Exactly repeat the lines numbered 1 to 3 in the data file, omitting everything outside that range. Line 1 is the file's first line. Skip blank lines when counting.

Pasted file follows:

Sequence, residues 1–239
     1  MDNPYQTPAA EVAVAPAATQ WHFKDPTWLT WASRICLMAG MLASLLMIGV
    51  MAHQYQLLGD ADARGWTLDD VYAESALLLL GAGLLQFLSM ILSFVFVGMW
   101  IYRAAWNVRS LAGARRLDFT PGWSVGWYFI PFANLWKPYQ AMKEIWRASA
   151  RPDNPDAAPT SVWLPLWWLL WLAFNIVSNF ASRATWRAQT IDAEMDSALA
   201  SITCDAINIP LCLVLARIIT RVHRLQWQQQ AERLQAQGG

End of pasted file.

Sequence, residues 1–239
     1  MDNPYQTPAA EVAVAPAATQ WHFKDPTWLT WASRICLMAG MLASLLMIGV
    51  MAHQYQLLGD ADARGWTLDD VYAESALLLL GAGLLQFLSM ILSFVFVGMW